What to do when a genetic test result signals possible heart risk
By American Heart Association News
It's getting easier than ever to stumble across single genes linked to potential heart risks, but deciding what to do with such findings requires caution, says a new report aimed at helping health care professionals and their patients navigate the process.
The report, published Monday as a scientific statement from the American Heart Association in its journal Circulation: Genomic and Precision Medicine, addresses what to do when testing uncovers genetic abnormalities, or variants, associated with cardiovascular disease.
Such variants often are uncovered when people are screened for non-cardiac diseases or through home DNA testing kits. But the report says that such "incidentally" identified single-gene variants may or may not be risk factors for disease and spells out ways to interpret results carefully.
"The scope and use of genetic testing have expanded greatly in the past decade with the increasing ease and reduced cost of DNA sequencing," Dr. Andrew P. Landstrom, chair of the report's writing committee, said in a news release. "Where we would once look for genetic changes in a handful of genes, we can now sequence every gene and, potentially, the whole genome, allowing us to make genetic diagnoses that would have been impossible in the past."
But the increased testing brings more surprises, including finding genes that might be associated with cardiovascular disease, said Landstrom, an associate professor of pediatrics and cell biology at Duke University School of Medicine in Durham, North Carolina. "If we interpret these incidental variants incorrectly, it may lead to inappropriate care, either by suggesting patients have a risk of cardiac disease when they do not or by not providing care to those with increased risk for a serious condition."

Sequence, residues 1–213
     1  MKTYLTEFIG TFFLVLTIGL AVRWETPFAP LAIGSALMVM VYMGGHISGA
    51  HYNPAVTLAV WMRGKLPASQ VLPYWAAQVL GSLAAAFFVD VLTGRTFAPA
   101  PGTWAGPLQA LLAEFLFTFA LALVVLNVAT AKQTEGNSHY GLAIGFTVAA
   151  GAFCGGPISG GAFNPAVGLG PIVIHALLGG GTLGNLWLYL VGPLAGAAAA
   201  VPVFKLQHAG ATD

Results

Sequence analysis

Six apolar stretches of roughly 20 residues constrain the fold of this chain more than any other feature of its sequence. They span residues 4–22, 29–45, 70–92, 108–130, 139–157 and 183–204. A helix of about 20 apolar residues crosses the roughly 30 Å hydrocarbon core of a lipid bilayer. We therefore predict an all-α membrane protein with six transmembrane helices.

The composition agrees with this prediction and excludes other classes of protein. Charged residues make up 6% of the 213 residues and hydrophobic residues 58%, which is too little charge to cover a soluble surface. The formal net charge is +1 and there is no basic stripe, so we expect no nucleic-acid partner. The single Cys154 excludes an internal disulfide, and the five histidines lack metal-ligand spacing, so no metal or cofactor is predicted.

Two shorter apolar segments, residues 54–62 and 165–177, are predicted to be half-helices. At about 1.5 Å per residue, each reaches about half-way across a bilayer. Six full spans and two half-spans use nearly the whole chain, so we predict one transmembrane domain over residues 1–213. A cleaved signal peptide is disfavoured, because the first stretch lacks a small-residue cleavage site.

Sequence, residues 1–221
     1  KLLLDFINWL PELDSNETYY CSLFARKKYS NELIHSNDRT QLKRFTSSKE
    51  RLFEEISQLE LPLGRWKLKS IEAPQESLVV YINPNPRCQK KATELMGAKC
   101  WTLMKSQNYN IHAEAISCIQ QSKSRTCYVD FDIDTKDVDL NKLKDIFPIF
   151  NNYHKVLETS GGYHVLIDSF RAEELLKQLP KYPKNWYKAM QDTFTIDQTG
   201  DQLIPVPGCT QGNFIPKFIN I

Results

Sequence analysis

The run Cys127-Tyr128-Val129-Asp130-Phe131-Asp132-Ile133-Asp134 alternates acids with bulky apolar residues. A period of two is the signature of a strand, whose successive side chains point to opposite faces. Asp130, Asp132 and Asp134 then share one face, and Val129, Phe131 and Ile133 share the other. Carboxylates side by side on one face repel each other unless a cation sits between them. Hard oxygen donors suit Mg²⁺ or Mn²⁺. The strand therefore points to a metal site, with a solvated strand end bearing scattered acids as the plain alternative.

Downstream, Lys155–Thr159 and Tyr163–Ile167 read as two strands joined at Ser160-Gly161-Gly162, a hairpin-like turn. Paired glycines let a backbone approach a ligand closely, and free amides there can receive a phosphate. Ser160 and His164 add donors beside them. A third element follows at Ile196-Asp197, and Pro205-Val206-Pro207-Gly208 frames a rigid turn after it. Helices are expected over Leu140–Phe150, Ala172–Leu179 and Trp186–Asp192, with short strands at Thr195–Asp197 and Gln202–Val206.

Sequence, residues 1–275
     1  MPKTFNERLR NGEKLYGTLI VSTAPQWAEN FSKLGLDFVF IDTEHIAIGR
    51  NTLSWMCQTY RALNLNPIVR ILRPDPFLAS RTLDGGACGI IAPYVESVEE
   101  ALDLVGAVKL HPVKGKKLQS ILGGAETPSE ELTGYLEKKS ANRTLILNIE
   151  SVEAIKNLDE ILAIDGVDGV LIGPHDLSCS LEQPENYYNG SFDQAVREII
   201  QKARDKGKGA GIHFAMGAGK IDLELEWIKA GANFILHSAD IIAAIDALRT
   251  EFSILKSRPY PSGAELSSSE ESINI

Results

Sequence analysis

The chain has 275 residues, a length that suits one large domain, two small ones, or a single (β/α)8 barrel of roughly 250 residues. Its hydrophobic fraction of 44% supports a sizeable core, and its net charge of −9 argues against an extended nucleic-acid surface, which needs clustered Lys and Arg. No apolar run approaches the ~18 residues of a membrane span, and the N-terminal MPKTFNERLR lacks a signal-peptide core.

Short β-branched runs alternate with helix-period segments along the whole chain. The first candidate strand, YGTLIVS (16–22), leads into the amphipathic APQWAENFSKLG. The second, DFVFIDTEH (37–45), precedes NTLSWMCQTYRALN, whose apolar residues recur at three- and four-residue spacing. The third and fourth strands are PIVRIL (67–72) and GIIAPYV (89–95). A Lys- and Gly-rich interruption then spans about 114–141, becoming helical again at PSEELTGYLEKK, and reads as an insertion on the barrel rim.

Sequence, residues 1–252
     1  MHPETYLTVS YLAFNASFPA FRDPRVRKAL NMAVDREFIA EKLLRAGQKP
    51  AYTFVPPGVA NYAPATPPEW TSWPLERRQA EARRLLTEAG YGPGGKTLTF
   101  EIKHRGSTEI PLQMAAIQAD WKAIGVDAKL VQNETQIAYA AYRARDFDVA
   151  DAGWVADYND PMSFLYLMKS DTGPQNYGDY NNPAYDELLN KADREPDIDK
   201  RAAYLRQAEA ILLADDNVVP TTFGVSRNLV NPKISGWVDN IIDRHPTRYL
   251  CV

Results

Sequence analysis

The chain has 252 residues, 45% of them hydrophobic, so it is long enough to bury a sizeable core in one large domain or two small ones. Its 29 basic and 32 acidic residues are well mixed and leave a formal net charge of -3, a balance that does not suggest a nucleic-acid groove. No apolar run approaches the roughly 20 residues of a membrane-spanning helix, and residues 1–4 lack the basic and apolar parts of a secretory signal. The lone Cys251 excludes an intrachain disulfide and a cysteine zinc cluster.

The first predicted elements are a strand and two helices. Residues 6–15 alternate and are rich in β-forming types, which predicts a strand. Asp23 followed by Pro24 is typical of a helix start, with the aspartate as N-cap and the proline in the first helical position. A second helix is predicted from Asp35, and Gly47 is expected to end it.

The report offers a framework for health care professionals to assess individual variants, communicate findings with patients and their families and, when needed, create a multidisciplinary care team.
The authors strongly encourage pretest genetic counseling for patients to discuss the possibility of unexpected findings, decide whether such findings will be communicated and look at potential implications for family members.
If an incidental variant for heart disease is found, the report suggests a way to classify the finding as benign, uncertain or disease-causing. It says health care professionals should relay information to patients only about variants that are known to be associated with cardiovascular disease and only if patients agreed to be informed.
For variants that may increase the risk of cardiovascular disease, the report suggests that a health care expert, preferably a specialist who is part of a multidisciplinary team, conduct a family history and a medical evaluation to look for symptoms.
Landstrom said it was important to consult with genetics specialists "to custom tailor an evaluation and treatment plan" to the individual and the variant to ensure the highest level of care possible.
The variant itself needs to be re-evaluated periodically, because its link to disease may be reclassified, the report says.
Depending on the variant, a full evaluation could lead to medical intervention, regular heart-specific tests or having relatives genetically screened.
According to the report, the American College of Medical Genetics and Genomics recognizes 42 clinically treatable, secondary variant genes that increase the risk of sudden cardiac death, heart failure and other types of cardiovascular disease.
The report is the first to focus on inherited single-gene conditions that can be passed on within families, such as hypertrophic cardiomyopathy (a thickening of the heart walls) or long QT syndrome, where the heart electrically resets slower than normal after each contraction, sometimes leading to fainting, arrhythmias or sudden death.
"The list of incidental variants related to cardiovascular disease continues to evolve," Landstrom said. "This statement provides a foundation of care that may help people with a CVD-related genetic variant and their health care professionals take the next step in determining the individual and familial risk that a variant may or may not carry."